Editorials

HIV/AIDS – What The Nigerian Government ‘Must’ Do

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By: Ojo Oriyomi Ademola

World Aids Day is an international day marked annually on the first day of December to celebrate and  promote global support to prevent the spread of HIV infections. It is also a day to recognise the pivotal roles that communities and organizations  have played globally to eradicate Aids epidemic. Although some few days ago, the topic of HIV/AIDS should never cease to be discussed.

In Nigeria, regardless of both local and international efforts that have been garnered to curb the epidemic,as at 2018, about 1.9 million people were still living with HIV. Making the country the second largest epidemic in the world. The reason for this can be attributed to a number of factors which includes but not limited to the following. 

Many people living with HIV  are unaware of their status, hence, they stand in situations to transmit the disease to others through sexual intercourse and other forms which  the disease could be transmitted. Moreso, punitive laws aganist homosexuality in the country means that men who have sex with men face huge difficulty accessing HIV services. 

The high level of extreme poverty in specific regions in the country have led many ladies, especially young girls to engage in transactional sex for cash to carter for  their needs.

Lack  or low level of access to antiretroviral treatment remains an issue for most people living With HIV, especially in the regions of the country where the population of people with the disease is high. Also, in some parts of the country, people see the use  of any form of protection during sex as a taboo, thereby making the spread of the epidemic easy. 

However, regardless of the progress in the number of AIDS related deaths since 2010, according to UNAIDS, the number of AIDS related deaths reduced  from 72,000 to 53,000 deaths. The number of new HIV infections increased from 120 000 to 130 000 in that same period.

States in Nigeria that accounts for about 41% of people living with HIV includes Benue, Akwa Ibom, Kano and Kaduna. HIV rate is at its climax in the Southern(South South)  which accounts for about 5.5%.while it is at the lowest in the SouthEastern part of the country 1.8%. There are higher rates of HIV in rural areas 4% than the urban areas 3%. In 2017, almost 150,000 people died of HIV related illness in Nigeria.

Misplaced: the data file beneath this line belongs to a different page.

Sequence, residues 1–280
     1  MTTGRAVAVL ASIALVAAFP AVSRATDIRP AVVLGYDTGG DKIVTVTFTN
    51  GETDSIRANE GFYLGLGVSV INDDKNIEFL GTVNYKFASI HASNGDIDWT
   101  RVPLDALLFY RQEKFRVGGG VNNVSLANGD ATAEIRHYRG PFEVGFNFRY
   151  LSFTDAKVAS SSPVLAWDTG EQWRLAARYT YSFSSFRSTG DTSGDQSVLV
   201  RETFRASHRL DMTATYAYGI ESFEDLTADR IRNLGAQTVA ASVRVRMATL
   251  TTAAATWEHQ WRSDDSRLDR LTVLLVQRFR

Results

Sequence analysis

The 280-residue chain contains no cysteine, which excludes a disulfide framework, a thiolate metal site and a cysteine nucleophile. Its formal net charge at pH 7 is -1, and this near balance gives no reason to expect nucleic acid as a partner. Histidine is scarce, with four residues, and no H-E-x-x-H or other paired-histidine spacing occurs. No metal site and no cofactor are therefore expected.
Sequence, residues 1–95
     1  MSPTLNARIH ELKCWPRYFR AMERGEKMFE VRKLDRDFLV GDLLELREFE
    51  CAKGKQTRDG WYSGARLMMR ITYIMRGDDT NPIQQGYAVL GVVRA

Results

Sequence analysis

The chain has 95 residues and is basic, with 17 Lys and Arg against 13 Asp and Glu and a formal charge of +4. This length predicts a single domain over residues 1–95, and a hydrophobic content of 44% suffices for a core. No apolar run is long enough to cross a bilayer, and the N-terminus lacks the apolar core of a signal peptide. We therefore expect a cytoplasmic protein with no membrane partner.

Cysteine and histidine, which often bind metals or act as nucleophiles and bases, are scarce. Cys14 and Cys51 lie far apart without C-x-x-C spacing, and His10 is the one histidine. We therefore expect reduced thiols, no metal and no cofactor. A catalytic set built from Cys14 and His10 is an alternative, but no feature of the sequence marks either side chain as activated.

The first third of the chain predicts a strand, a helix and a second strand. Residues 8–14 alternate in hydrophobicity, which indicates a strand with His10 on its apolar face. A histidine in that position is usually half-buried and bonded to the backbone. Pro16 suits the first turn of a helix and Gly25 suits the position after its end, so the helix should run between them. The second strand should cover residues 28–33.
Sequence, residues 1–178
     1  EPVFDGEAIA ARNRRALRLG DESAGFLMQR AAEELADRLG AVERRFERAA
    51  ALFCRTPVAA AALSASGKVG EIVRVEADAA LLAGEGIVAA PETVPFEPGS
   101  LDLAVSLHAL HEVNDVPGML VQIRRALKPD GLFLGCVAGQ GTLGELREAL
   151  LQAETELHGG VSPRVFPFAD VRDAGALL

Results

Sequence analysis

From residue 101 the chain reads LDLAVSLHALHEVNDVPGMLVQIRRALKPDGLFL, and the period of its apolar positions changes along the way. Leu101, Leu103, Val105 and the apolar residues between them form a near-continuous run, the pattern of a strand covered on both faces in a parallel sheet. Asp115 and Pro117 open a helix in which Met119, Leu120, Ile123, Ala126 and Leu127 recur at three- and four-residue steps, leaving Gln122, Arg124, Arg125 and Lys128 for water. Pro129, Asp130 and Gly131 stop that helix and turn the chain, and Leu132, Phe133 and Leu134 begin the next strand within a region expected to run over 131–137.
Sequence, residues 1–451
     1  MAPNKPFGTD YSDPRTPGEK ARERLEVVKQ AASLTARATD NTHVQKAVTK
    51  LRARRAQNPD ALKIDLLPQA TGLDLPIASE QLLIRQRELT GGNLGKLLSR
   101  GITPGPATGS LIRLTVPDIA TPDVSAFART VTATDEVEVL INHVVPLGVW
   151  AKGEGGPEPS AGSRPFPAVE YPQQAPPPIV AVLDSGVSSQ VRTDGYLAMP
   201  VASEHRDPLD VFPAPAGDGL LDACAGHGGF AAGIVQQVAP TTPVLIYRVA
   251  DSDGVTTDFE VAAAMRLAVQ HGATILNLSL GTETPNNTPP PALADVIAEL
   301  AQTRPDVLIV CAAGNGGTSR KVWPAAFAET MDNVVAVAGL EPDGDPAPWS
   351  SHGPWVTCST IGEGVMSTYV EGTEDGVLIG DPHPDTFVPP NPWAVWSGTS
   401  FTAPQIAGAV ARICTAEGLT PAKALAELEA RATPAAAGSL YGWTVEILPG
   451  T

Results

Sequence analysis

Although, there have been several plans of action to end the AIDS epidemic in Nigeria, one important fact we need to note is that, it is impossible to end the epidemic in Nigeria without bringing HIV treatment to all those that need it. 

As we celebrate this year world AIDS day, and  strengthening efforts towards actualizing vision 90-90-90, the following are suggested targets that should be achieved 

A comprehensive HIV  lesson should be included in the school curriculum. This should include basic facts about HIV transmission and prevention. Also, issues such as stigma, discrimination, should be discussed among student. Making them understand that people with HIV are not less human, and they do not need to be castigated in the community.

People should be sensitized about the danger of unprotected sex thereby promoting a stronger   focus towards enlightening the people on the relevance of protecting themselves during sexual intercourse with their partners.

Also punitive laws against (MSM) men who have sex with men should be lifted. This law does not permit individuals in the category access to antiretroviral medications.  Antiretroviral treatment should be increased in most medical centers so that those with HIV will have access to the treatment as easy as possible.

More focus should be on regions or areas that has the highest concentration of the disease. Civil society and government should concentrate  more on areas that has more rate of people with HIV in the country. 

Adelowo Adegboyega
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